Managers use a variety of information to set performance targets. Using data from 376 branches of a large travel retailer over five years, this study documents supervisors considering the relative performance of comparable units in target setting, which we term relative target setting (RTS). We find evidence of RTS after controlling for individual past performance in the form of ratcheting. Our findings also indicate that RTS partially shapes the use of other information on past performance. Specifically, we find that the magnitude of ratcheting decreases (increases) with RTS for favorable (unfavorable) performance variances, and the asymmetry of ratcheting characterized by different ratcheting coefficients for unfavorable than for favorable variances is significant for large absolute magnitudes of RTS. Managers use the flexibility associated with the subjectivity of the target-setting process to weight peer and individual information differently across different units.
Authors: Arellano Gil, Javier; Aranda León, María del Carmen
ISSN 1887-5696  Nº 17  2013  pp. 119 - 139
The use of variable remuneration systems generally implies the establishment of objectives. Prior literature on management control has identified a phenomenon known as «ratcheting» where objectives defined in the annual budget and that constitute the basis for the incentives system, are ot static, on the contrary, the change depending on the performance achieved in previous periods. Positive (negative) deviations in the performance lead to an increase (reduction) in next period objectives. Important advantages have been attributed to this way of revising the objectives. However, some authors suggest that it can also generate opportunistic behaviours in managers. This paper explains the reasons and consequences of ratcheting and suggests how its limitations can be faced.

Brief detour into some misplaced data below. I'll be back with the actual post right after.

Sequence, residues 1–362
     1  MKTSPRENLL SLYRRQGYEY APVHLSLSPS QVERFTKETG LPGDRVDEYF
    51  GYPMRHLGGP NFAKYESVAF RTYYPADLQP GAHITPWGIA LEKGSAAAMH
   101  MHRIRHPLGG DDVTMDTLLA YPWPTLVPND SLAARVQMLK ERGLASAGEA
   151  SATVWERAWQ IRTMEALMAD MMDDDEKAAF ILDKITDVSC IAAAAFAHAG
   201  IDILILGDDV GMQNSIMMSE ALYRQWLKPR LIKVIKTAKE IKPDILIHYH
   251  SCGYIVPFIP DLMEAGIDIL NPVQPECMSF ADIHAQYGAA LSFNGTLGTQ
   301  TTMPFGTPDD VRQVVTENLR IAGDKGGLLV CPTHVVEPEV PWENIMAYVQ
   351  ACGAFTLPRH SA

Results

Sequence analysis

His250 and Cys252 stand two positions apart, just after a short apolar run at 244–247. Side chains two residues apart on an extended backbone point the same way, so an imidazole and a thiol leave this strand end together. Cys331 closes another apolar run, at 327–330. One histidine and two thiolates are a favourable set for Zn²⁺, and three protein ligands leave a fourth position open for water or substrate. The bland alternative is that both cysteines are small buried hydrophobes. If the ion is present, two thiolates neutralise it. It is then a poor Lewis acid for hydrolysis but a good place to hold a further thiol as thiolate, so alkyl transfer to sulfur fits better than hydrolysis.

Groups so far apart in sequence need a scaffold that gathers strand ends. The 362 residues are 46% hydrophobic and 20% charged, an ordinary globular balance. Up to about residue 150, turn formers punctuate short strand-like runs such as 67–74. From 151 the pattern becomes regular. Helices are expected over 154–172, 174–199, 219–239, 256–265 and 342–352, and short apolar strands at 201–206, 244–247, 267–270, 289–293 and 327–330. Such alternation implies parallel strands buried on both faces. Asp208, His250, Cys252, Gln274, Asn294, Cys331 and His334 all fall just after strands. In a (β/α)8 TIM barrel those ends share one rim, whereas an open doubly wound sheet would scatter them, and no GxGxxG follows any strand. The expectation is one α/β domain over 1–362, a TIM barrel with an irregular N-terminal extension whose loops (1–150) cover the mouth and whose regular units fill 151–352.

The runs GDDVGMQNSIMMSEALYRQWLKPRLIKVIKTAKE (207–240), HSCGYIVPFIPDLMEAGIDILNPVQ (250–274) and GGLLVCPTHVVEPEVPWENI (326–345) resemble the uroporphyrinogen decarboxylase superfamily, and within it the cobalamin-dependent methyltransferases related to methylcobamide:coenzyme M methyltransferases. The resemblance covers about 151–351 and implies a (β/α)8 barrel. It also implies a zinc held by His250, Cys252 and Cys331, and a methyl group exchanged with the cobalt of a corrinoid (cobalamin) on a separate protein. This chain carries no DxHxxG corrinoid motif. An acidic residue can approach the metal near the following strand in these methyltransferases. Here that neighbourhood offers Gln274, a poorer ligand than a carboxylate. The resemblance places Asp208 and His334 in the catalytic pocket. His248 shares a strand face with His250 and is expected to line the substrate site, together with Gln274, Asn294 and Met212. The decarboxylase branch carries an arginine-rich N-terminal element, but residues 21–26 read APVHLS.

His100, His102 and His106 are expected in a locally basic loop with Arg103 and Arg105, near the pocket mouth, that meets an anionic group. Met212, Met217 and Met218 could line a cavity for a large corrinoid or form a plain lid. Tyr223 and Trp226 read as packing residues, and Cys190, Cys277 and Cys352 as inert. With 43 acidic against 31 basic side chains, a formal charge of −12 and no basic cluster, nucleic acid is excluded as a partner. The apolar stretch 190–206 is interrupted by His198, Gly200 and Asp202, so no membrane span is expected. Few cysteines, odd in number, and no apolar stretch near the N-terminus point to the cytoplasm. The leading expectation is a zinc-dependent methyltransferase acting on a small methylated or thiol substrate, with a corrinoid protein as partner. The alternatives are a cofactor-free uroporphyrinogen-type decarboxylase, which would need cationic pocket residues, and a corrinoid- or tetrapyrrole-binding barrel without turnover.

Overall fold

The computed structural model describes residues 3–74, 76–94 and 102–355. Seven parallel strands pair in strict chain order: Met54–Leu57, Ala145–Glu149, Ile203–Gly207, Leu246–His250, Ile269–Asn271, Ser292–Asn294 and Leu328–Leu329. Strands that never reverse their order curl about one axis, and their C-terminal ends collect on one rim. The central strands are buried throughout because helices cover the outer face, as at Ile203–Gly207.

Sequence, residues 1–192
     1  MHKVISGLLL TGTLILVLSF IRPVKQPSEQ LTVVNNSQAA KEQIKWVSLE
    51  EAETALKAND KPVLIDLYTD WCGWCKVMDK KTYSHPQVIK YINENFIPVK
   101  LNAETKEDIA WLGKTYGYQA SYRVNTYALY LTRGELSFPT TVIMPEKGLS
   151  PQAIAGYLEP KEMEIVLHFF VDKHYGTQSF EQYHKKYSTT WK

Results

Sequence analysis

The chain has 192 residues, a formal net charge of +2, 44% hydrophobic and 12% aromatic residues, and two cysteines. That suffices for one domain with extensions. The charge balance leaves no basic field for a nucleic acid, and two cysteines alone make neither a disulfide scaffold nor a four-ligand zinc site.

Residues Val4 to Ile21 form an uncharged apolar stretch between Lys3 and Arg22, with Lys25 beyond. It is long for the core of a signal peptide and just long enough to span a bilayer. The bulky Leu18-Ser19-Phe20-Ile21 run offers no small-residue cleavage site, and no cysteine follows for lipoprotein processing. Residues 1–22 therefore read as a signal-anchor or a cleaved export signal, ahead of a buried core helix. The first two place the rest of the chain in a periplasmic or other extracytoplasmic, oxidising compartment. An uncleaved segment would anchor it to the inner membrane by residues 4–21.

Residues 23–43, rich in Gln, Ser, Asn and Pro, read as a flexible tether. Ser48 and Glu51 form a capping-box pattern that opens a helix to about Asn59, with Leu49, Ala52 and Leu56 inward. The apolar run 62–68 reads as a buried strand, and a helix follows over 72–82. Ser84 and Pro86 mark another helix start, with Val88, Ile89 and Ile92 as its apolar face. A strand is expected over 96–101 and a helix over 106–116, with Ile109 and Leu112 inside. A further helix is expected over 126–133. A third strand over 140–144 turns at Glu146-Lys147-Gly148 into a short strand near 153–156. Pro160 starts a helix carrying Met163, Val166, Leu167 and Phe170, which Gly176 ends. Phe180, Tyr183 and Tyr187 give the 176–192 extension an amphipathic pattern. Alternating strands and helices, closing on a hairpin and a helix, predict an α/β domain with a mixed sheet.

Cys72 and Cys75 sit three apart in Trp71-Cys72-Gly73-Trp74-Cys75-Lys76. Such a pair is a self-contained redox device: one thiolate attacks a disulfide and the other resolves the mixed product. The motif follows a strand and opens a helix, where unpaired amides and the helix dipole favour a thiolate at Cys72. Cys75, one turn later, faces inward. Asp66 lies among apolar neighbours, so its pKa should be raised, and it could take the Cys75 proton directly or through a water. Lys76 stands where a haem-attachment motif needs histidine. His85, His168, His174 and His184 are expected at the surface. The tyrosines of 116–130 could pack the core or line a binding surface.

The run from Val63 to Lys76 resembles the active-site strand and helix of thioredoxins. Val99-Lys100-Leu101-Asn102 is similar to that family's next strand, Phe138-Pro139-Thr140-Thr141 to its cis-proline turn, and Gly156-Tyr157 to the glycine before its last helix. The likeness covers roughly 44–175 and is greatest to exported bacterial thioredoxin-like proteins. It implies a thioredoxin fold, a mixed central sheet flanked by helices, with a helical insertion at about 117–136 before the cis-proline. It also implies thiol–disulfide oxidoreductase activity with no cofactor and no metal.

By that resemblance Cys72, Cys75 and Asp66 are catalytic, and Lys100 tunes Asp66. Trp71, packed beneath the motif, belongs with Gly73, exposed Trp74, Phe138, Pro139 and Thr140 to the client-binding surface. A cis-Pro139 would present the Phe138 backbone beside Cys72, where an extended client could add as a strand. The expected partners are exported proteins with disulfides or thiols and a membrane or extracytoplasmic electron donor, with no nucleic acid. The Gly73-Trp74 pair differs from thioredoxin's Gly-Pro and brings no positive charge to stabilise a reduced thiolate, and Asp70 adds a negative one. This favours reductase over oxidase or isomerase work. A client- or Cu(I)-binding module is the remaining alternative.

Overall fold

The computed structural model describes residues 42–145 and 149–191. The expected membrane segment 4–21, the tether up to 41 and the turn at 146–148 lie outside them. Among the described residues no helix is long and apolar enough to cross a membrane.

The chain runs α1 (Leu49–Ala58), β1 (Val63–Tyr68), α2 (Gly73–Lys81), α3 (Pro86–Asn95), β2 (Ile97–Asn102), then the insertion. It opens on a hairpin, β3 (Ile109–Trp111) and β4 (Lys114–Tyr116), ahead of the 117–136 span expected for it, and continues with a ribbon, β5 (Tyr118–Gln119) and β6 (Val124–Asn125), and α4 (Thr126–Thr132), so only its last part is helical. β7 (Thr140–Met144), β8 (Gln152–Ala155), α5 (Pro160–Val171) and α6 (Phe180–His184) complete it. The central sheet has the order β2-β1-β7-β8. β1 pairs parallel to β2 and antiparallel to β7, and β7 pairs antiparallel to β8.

Authors: Aranda León, María del Carmen; Arellano Gil, Javier
ISSN 1049-2127  Vol. 22  Nº 1  2010  pp. 271 - 299
Authors: Aranda León, María del Carmen; Arellano Gil, Javier
ISSN 1832-5912  Vol. 6  Nº 3  2010  pp. 330 - 358
Authors: Redín Goñi, Dulce; Aranda León, María del Carmen; Arellano Gil, Javier
Book title:  Las soluciones a la situación de insolvencia : un análisis jurisprudencial económico
2014  pp. 439 - 460

Teaching experience